It was raining when I took this photograph of the historical peninsula in Istanbul, from a ferry in the Bosphorus in 2004. It was printed on an Ilford multi-grade paper and manual exposure variation techniques were applied upon printing (as far as I remember). I like its looking so old (many would have believed if I had said it’s from 1920s right?), with sephia-ish colors, and everything being grainy and fuzzy.
For some of you who haven’t heard of him yet, Gotye is a Belgian/Australian singer who can play a variety of instruments from drums to keyboards as well. Just watch a video of him and you will immediately recognize at once that he is extremely talented! I can safely put him somewhere between Sting and Michael Stripe (R.E.M.), but his songs have more psychedelic flavor inside. I’ve been listening to his recent famous song “Somebody that I used to know” again and again, and I can clearly hear his ingenuity in every second of this mesmerizing song. Something else to admit about him is I love his way of integrating extraordinary artwork with his songs and live shows.
The good news is that, this brilliant mind will play in Chicago with his band on Tuesday, April 3rd. The place is announced to be Park West Venue and tickets seem to cost somewhere between $30-$40. Since nothing is affordable these days, I will try to stick to the cheaper range, if there is one. I recommend that you don’t miss this show if you are in Chicago. Enjoy!
Lee Hotz is the science columnist of Wall Street Journal. In this talk, he gives information about recent scientific studies done in Antarctica, which is one of the harshest environments in the world; more arid than Sahara and colder than Mars, he mentions. Scientists built a camp in Antarctica, where they can drill extremely deep holes down the continent and bring the icy-snow up in the shape of a rod, unmelted. What’s embedded in these ice-rods is actually what makes up the time machine. Antarctica offers a great calendar of earth, from the last ice age to now. Every year, snow falls down layer by layer, from which scientists can immediately find the date. Having the date in hand, since those ice-rods have chemicals, soot and etc. entrapped inside, an incredible amount of information about what was going on during that time can be extracted in labs scattered all around the world.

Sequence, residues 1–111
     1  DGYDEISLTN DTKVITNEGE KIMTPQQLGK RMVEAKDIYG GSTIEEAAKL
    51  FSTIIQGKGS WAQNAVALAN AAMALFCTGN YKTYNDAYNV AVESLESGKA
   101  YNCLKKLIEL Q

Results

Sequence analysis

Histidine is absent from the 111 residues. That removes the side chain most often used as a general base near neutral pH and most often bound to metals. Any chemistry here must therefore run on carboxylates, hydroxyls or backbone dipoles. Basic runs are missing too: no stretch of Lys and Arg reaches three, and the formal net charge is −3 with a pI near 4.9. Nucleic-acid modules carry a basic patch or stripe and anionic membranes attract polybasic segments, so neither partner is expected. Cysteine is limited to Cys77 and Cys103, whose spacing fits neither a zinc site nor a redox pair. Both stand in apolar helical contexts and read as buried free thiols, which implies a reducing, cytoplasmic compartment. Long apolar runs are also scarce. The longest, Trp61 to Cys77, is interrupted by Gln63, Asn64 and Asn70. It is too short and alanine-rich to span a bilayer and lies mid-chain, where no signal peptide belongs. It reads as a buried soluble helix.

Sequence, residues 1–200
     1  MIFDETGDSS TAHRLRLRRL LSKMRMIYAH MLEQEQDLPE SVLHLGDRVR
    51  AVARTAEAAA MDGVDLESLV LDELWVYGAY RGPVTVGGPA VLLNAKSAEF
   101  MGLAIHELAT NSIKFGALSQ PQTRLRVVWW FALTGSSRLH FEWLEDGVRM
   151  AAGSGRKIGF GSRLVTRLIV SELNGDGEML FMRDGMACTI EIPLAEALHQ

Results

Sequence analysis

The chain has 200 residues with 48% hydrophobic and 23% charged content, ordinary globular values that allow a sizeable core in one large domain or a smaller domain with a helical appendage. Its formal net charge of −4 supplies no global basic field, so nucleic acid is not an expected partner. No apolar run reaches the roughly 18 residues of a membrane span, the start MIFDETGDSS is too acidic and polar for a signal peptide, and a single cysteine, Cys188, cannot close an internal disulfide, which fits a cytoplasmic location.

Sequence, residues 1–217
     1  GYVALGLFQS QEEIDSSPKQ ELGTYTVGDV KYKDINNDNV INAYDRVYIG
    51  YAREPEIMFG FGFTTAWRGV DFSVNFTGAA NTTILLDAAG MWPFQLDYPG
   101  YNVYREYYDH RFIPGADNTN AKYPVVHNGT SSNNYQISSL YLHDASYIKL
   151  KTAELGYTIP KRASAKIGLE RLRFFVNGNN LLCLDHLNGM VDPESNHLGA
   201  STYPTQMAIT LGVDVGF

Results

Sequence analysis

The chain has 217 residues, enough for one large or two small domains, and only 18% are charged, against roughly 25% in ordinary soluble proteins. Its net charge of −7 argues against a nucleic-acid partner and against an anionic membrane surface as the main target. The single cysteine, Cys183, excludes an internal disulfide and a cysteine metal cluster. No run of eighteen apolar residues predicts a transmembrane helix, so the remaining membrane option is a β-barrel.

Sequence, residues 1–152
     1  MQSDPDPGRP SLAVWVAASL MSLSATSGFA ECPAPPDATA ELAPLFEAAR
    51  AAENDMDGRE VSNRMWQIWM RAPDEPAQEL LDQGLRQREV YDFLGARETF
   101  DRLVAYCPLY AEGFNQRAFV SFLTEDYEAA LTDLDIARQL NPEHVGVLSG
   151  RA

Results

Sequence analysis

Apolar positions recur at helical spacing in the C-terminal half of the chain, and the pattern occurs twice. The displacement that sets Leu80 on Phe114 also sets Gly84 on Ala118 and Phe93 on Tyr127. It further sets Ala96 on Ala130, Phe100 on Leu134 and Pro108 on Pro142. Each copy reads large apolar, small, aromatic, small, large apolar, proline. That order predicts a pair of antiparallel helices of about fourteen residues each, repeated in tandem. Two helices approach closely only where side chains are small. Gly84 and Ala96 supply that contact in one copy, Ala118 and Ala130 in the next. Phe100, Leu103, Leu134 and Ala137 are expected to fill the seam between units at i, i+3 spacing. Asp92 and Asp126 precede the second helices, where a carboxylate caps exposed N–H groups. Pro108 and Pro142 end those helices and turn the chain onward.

Hotz also explains why these studies are so important by pointing out that our current knowledge of Global Warming is only an outline. Whatever we know cannot help us predict what will happen in near future. However, if we can analyze the correlations between amount of chemicals, like green house gases, natural events and temperature on earth, we may develop enough capabilities to predict what may happen if the release rate continues increasing.
Have you run out of quarters? It doesn’t matter. Many vending machines accept bills or even credit cards today, nothing more than usual. Let’s go back 60 years in time, when the old coin-operated slot machines hadn’t given place to today’s touch-screen, half-computer vending machines, when they used to bolster up the industry and be a huge vendor of public “amusement.” Can you imagine how innovative was creating a fancy wood/ceramic-decorated cast iron scale with a shiny brass step and a nice looking mirror in front? How exciting was to read your fortune while enjoying being weighed by a super high-tech springless scale? Every theater in the city of Chicago had vending machines of various kinds, carrying things like soap, perfume, towel, soda, candy etc. And Jukeboxes were definitely not playing CD’s or mp3…
“Tis a Mark of Distinction to Have a Watling Scale in Your Theatre”
as said in an issue of Motion Picture Herald Magazine in 1931. Out of sight, out of mind, but haven’t you seen anything with a Watling Company logo on it in Chicago? Look around you. You may see a vintage Watling Scale next to a washroom in a retro-styled restaurant or in the corner of your friend’s rich uncle’s living room. Stop by an antique shop or a flea-market and you may find a good-looking one above $1000!
“The Watling Scale Co., Chicago”
The company has a remarkable story. “The Watling Manufacturing Co.” was the first coin machine firm established in Chicago by Thomas Watling in late 1890s and run by him and his sons later on. When Thomas Watling passed away in 1943, his small start-up had already grown into a prominent coin-operated machine manufacturer. John Watling was the head of the company when it peaked around 1940s. Theaters weren’t their only customers and they were supplying coin machines even to the army in those days.
This talk is a good proof of how sorrow builds humor, and how cruelty can even bolster it.
However, his wrap-up erases your smile when you hear his voice trilling and realize that he has started crying. Then all the irony vanishes, along with the humor it revealed. Spicing it up by calling NYC his savior, Ed ingeniously creates the dramatic compassion he wants at the end.
Probably taken in 2004, I printed this photograph in 2005 in my own darkroom with my old no-name USSR enlarger, and probably on an Ilford paper. It’s been a long time since I last printed my own black&white photograph, but I can’t help posting them despite their age. As promised, this photograph is not your best choice to get over your Post-Christmas depression. The question on the wall translates to “Why ?” and I say no reason.